Let’s say you tried all that. You made sure she was awake long enough. You kept her room clear of tempting toys and created a calm, peaceful routine conducive for sleep.
Except she still plays instead of sleeps. Or sings, talks, gets out of bed, you name it. What do you do then?
Check in every few minutes. First, check in at five minutes. Make sure all is okay, and give her a quick reminder that it’s time to sleep. Do the same in 10 minutes, and again in 15 minutes.
Keep your check-ins minimal: poke your head in, don’t make eye contact, and keep your voice calm and low.
And check for poop. I’ve gotten frustrated when my twins would remain awake, wondering what’s keeping them up. Only after checking their diaper did I realize they had pooped.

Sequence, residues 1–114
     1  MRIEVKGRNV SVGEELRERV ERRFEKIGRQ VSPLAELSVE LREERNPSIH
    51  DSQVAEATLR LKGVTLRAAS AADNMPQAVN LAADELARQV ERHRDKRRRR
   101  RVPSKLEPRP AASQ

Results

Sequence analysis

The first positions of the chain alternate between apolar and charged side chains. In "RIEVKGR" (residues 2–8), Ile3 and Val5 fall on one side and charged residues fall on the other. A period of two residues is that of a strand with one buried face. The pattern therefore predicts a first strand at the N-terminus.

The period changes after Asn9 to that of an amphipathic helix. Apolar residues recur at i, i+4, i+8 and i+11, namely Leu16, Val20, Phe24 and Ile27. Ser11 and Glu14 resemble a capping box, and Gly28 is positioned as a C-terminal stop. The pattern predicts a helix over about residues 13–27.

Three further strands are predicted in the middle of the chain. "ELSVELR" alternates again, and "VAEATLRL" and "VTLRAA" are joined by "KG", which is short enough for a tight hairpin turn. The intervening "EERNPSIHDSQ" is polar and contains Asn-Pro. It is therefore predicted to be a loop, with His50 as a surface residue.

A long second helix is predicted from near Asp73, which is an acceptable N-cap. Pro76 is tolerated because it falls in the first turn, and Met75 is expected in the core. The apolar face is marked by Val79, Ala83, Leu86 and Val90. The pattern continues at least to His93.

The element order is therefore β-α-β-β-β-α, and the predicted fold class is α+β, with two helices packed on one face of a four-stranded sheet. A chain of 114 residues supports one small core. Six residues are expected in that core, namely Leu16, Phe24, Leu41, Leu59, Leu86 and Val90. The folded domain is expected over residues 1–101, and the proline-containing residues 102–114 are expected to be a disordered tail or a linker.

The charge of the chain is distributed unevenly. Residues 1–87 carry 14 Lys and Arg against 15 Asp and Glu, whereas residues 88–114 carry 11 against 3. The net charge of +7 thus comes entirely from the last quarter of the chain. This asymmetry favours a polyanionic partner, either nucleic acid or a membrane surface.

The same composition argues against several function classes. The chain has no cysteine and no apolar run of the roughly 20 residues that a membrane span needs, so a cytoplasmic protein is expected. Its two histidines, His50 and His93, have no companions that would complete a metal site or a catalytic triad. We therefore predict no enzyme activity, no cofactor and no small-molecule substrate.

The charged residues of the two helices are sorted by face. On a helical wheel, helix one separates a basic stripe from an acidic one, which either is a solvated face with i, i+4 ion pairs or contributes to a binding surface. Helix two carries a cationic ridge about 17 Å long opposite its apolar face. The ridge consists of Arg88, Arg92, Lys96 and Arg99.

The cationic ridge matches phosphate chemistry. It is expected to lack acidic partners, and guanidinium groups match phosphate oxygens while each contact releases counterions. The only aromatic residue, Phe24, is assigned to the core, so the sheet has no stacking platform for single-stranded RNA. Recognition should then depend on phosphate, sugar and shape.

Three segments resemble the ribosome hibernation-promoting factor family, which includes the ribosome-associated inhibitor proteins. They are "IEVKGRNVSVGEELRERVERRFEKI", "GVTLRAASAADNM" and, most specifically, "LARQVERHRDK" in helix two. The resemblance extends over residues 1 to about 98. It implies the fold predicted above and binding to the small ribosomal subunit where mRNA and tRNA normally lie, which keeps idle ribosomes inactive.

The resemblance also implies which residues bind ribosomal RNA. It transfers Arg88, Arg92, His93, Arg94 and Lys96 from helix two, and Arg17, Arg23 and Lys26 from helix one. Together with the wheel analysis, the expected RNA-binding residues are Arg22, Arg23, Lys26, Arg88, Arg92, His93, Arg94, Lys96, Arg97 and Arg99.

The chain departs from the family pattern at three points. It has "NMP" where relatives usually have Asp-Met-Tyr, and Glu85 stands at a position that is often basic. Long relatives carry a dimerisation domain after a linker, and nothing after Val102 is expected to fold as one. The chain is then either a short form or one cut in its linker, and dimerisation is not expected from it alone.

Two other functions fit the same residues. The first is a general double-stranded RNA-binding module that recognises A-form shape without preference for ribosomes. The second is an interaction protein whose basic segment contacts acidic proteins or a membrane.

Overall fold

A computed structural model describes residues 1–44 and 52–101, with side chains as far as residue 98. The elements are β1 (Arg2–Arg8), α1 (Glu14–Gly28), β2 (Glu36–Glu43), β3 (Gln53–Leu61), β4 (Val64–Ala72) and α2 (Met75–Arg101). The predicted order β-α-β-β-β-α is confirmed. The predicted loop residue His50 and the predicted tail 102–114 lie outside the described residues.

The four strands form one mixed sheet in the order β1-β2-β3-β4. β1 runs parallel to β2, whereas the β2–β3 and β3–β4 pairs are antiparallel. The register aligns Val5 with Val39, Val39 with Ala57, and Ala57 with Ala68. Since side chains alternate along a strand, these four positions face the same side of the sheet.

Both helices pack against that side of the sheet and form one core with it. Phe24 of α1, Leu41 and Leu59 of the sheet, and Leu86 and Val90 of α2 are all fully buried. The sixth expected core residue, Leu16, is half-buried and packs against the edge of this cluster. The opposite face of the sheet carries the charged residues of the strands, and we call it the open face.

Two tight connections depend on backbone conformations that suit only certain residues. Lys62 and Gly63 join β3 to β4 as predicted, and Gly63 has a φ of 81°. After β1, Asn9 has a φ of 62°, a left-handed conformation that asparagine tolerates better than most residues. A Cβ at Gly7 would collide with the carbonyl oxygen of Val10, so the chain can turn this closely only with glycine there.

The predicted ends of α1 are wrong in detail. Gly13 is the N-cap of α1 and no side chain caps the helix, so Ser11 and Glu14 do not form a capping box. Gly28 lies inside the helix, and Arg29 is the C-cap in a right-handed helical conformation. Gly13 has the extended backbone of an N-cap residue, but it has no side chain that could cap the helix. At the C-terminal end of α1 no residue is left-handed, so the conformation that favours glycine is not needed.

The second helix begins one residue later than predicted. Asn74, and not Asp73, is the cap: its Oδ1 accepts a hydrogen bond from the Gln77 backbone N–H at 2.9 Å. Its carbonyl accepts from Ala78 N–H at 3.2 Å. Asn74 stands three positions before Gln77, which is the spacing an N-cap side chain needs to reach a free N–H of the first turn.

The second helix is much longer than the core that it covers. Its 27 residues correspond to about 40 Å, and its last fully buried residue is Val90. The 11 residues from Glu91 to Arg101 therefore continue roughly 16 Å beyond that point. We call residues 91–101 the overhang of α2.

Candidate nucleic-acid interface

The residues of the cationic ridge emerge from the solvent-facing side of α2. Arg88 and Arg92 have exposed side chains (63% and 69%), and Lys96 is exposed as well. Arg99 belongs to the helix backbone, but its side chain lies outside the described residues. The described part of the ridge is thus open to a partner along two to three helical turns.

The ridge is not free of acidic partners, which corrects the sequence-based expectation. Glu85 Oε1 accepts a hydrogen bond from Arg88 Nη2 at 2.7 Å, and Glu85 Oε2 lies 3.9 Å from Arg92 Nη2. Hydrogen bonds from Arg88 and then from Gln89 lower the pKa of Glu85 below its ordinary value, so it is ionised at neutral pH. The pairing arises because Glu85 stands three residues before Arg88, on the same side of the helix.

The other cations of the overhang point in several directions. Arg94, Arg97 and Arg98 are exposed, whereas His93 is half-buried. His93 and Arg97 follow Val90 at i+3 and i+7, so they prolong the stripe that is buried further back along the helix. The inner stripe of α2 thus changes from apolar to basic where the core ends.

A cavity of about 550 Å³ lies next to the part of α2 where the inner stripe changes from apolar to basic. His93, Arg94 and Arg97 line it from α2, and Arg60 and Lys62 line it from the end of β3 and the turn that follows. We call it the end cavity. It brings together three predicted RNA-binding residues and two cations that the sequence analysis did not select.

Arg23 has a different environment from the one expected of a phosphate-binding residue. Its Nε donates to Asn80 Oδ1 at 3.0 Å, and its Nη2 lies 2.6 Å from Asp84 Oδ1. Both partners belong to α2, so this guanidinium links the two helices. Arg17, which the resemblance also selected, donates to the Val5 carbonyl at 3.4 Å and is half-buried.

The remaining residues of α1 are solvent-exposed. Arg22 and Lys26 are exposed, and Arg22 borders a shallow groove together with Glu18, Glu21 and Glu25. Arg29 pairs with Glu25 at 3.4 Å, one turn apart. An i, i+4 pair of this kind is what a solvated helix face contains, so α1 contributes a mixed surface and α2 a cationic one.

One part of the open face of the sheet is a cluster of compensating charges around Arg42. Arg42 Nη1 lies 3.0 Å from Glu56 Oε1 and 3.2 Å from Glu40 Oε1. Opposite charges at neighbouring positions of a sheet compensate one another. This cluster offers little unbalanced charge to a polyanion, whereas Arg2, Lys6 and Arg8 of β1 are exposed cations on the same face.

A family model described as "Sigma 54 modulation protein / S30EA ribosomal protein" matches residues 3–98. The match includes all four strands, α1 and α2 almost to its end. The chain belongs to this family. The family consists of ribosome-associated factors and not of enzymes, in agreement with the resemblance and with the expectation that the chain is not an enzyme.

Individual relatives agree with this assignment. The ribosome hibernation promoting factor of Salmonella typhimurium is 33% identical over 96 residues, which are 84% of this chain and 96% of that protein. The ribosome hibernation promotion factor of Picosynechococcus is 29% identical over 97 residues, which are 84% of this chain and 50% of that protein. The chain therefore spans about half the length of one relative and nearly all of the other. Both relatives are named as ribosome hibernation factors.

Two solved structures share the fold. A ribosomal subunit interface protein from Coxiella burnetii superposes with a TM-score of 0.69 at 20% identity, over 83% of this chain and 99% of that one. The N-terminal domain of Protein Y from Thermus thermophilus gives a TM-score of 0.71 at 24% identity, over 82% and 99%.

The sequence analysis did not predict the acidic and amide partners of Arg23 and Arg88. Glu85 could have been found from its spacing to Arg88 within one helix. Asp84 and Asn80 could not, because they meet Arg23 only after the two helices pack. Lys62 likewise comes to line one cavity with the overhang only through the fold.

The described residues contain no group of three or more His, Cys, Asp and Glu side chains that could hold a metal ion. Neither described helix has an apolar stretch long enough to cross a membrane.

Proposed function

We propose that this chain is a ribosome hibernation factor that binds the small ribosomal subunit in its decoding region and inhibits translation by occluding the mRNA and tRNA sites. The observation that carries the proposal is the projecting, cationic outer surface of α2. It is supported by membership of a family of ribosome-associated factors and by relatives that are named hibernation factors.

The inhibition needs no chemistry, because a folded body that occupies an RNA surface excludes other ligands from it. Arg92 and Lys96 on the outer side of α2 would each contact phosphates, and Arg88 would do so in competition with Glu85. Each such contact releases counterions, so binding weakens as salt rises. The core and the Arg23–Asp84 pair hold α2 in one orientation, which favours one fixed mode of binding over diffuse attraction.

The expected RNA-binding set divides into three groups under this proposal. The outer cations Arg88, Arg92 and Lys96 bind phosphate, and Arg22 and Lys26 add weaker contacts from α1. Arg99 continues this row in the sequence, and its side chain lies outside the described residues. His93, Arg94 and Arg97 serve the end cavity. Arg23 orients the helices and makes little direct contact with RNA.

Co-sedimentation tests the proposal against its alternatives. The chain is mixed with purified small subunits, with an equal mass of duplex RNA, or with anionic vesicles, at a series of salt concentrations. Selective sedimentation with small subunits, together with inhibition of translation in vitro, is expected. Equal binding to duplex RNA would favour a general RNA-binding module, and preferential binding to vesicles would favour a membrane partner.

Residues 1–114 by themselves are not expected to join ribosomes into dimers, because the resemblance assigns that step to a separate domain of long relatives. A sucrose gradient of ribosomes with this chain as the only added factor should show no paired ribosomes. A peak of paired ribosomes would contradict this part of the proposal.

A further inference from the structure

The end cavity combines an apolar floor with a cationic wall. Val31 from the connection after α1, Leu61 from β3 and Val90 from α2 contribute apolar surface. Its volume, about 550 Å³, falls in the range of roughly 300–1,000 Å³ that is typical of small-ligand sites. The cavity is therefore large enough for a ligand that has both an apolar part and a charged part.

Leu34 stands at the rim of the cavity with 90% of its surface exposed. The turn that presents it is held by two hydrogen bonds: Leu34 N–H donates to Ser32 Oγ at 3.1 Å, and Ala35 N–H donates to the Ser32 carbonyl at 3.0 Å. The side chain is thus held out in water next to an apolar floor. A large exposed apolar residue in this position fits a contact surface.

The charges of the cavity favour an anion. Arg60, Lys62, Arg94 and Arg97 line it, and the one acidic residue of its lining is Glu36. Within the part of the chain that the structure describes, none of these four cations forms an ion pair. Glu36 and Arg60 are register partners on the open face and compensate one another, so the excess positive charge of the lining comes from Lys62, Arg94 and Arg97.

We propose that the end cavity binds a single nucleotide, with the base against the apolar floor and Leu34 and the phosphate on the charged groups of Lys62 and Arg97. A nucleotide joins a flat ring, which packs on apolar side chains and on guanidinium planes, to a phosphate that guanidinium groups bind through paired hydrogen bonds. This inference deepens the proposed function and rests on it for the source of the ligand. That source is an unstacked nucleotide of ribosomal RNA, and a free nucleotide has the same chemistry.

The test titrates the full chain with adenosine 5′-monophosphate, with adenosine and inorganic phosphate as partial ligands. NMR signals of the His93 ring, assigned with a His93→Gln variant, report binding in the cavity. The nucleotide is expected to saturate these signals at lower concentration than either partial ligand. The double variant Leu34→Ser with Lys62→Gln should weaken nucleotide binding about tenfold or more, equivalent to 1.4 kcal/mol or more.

Usually, you can smell poop right when you walk in, but sometimes it’s not as obvious. Check their diapers for poop that may be keeping them awake.
5. Re-tuck your child calmly
I’ve struggled with keeping my temper in check, especially when it comes to sleep. I’d take it personally when my kids would play instead of sleep, as if they were blatantly disregarding the rules.
I’d barge in, yell at them to knock it off, and maybe take a toy or two away as “punishment.” They’d cry, I’d feel terrible, and you can imagine how everyone’s mood felt when nap time was over.
Instead, I began to try a different technique, one that almost always works every time. If I’d hear them talking, walking around or goofing off, I’d open the door and calmly re-tuck them back into their beds.
I wouldn’t say a word, and my face wouldn’t show any signs of anger or frustration. I was neutral and calm as I led them back to bed and placed their blankets and lovey right where they belonged.
Maybe they were confused by this turn of events or realized they should’ve been sleeping instead of playing. Either way, they stay in bed and eventually fall asleep.